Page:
Nobel Laureate Aung San Suu Kyi should have resigned as Myanmar's de facto leader over last year's brutal army campaign against the Rohingyas, the outgoing UN human rights chief has told the BBC.
A military crackdown in response to attacks by Rohingya militants drove around 700,000 of the Muslim minority from Rakhine state into Bangladesh, where they have given accounts of widespread rape, murder and arson targeting their villages.
Suu Kyi, once hailed as a defender of human rights, has been pilloried outside her country for failing to speak up for the Rohingya or condemn the actions of Myanmar's army.
Instead, as streams of desperate Rohingyas fled, Suu Kyi suggested an "iceberg of misinformation" had obscured the real picture of what had taken place inside Rakhine and backed the army campaign as a justified response to "terrorist" acts.
"She (Suu Kyi) was in a position to do something," UN rights chief Zeid Ra'ad Al Hussein said in the interview with the British broadcaster.
"She could have stayed quiet -- or even better, she could have resigned."
"There was no need for her to be the spokesperson of the Burmese military. She didn't have to say this was an iceberg of misinformation. These were fabrications," he said.
"She could have said look, you know, I am prepared to be the nominal leader of the country but not under these conditions.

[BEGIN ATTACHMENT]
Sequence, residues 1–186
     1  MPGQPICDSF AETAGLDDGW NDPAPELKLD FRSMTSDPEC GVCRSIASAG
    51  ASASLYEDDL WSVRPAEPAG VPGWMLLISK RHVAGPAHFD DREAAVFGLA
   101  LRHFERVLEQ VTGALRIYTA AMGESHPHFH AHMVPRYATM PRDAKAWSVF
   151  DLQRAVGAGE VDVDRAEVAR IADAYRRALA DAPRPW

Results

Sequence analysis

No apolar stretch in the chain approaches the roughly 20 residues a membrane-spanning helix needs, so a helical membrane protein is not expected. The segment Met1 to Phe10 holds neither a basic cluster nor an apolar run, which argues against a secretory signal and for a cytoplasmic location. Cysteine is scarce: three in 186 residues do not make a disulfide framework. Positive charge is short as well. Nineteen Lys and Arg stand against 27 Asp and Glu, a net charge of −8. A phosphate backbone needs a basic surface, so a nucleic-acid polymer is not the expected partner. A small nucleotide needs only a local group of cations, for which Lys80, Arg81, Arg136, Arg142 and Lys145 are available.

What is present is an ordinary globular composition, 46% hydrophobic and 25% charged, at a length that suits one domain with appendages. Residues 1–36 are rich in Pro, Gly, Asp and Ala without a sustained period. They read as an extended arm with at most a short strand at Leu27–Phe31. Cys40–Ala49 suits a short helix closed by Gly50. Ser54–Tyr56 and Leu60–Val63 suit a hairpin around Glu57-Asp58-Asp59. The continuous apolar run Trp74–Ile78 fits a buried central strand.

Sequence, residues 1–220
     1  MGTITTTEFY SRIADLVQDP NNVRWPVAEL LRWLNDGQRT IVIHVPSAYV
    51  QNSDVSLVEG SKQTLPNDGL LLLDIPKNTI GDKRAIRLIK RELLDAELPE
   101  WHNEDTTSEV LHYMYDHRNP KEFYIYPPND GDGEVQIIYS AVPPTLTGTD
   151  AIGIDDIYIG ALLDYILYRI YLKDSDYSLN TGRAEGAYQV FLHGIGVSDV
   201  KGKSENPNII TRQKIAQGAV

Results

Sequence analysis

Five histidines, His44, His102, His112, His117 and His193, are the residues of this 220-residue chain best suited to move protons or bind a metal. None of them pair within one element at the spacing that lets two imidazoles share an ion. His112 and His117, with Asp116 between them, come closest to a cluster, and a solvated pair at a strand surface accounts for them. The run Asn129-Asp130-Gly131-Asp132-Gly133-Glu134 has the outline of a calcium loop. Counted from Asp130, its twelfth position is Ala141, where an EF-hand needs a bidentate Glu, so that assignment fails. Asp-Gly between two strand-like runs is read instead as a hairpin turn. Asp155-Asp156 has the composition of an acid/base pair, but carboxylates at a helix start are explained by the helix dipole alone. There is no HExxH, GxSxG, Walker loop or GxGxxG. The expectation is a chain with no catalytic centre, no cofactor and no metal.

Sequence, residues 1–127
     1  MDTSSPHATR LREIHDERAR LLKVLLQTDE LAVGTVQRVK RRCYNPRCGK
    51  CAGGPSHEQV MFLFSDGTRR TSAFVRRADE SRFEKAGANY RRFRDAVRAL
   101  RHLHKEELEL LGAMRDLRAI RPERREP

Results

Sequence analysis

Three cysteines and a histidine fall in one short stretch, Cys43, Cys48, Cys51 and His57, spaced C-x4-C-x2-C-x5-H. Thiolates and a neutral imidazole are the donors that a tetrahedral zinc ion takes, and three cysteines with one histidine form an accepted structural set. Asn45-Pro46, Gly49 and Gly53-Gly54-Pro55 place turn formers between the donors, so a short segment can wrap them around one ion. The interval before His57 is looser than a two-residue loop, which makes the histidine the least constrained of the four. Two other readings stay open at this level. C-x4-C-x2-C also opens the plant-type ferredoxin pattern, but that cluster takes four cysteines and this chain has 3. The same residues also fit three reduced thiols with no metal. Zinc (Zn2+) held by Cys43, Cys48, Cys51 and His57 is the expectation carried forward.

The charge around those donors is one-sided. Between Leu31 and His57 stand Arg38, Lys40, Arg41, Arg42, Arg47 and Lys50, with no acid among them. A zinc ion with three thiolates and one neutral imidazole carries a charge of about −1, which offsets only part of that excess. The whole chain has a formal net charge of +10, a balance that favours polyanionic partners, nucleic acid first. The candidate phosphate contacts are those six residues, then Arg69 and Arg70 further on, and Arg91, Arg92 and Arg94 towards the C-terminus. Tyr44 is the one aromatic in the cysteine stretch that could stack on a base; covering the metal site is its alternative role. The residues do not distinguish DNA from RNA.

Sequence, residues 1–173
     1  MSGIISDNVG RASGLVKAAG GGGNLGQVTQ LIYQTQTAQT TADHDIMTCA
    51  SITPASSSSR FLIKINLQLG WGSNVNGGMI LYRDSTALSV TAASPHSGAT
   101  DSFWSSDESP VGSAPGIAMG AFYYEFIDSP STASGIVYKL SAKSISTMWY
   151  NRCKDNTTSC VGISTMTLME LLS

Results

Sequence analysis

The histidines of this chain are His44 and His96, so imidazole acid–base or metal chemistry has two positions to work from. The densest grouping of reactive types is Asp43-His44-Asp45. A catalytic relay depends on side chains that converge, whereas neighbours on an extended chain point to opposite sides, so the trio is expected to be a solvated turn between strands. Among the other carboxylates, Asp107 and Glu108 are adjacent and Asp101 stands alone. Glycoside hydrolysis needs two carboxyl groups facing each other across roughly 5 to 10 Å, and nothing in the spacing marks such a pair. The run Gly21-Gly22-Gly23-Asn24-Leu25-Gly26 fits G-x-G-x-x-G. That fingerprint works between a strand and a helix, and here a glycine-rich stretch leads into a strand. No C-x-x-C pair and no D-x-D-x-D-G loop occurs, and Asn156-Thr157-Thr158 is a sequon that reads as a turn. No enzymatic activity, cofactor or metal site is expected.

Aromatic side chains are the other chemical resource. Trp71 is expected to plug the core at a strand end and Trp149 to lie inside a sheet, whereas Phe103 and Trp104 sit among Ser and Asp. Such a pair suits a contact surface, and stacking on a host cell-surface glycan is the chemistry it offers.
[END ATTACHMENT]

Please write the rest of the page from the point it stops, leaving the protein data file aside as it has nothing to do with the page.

"Thank you very much, I will resign, I will go back into house arrest - I cannot be an adjunct accessory that others may think I am when it comes to these violations."
Zeid Ra'ad Al Hussein, Jordanian prince, will step down today from the coveted post. He will be replaced by Michelle Bachelet, Chile's twice-serving president.
Between 1989 and 2010, Suu Kyi, 73, spent about 16 years under house arrest by the military government.
In 2015, her National League for Democracy party won a landslide election victory and she became Myanmar's de-facto leader.
As the Rohingya crisis continued, Suu Kyi's comments on the situation tended to play it down or suggest that people were exaggerating the severity of the violence.
The last time she spoke to the BBC in April 2017, she said: "I don't think there is ethnic cleansing going on. I think ethnic cleansing is too strong an expression to use for what is happening."
Zeid Ra'ad Al Hussein's stinging comments intensify days of damning criticism of Myanmar and its civilian and military leaders from the United Nations.
A UN report on Monday said Myanmar's army chief Min Aung Hlaing should be prosecuted for "genocide" of the minority.
It also criticised Suu Kyi, the country's de facto leader and a one-time globally respected rights defender, for failing to use her "moral authority" to stem the violence.
Suu Kyi, Myanmar's star politician who still draws widespread devotion inside the country for her long struggle for democracy, has seen her reputation shredded internationally with rights groups turning on her over a lack of public empathy for the stateless Rohingyas.
Myanmar's army has full control over defence and Suu Kyi's civilian government has no ability to check its power. But Hussein said the Nobel Leaurate should have leveraged her status inside Myanmar to defang the military operation against the Rohingyas instead of effectively acting as a cloak for their actions.